The problem of offshore tax avoidance by American corporations could grow much worse under President Donald Trump’s proposal to adopt a “territorial” tax system, which would exempt the offshore profits of American corporations from U.S. taxes. This change would increase the already substantial benefits American corporations obtain when they use accounting gimmicks to make their profits appear to be earned in a foreign country that has no corporate income tax or has one that is extremely low or easy to avoid.
On Wednesday, reporters waiting to write about President Trump’s much-ballyhooed tax reform speech in Missouri received a fact sheet from the White House informing them that, “Fortune 500 corporations are holding more than $2.6 trillion in profits offshore to avoid $767 billion in Federal taxes, according to the Institute on Taxation and Economic Policy.”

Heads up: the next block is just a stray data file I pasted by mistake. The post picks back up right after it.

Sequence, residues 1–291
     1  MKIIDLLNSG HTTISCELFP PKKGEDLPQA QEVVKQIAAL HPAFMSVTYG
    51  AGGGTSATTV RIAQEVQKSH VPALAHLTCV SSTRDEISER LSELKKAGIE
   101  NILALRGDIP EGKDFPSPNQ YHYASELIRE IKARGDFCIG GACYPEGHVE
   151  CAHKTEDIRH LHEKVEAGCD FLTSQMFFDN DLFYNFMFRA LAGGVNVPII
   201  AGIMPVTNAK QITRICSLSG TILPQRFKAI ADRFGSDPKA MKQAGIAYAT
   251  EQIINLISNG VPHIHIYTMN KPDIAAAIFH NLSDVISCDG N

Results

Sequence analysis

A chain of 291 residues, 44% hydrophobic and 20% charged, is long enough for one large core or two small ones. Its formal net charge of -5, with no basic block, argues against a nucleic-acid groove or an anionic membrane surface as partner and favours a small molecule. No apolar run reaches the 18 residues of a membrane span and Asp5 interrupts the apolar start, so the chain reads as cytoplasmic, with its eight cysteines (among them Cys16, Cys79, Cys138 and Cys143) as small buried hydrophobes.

House Speaker Paul Ryan plans to visit a Boeing factory in Washington State tomorrow to promote the GOP’s ideas for tax reform, which include a deep cut in the corporate tax rate, while House Ways and Means Chairman Kevin Brady is bringing the same message today to employees of AT&T in Dallas. What is unclear is how much lower taxes for these companies can possibly go.
For a corporation with deeply American roots, Microsoft seems remarkably unable to turn a profit here. Against all odds, the Redmond, Washington-based company continues to claim that virtually all its earnings are in foreign countries. Microsoft’s latest annual report, released earlier this week, shows that over the past two years, the company enjoyed worldwide income of almost $43 billion. It claims to have earned just 0.3 percent of that—$128 million—in the United States.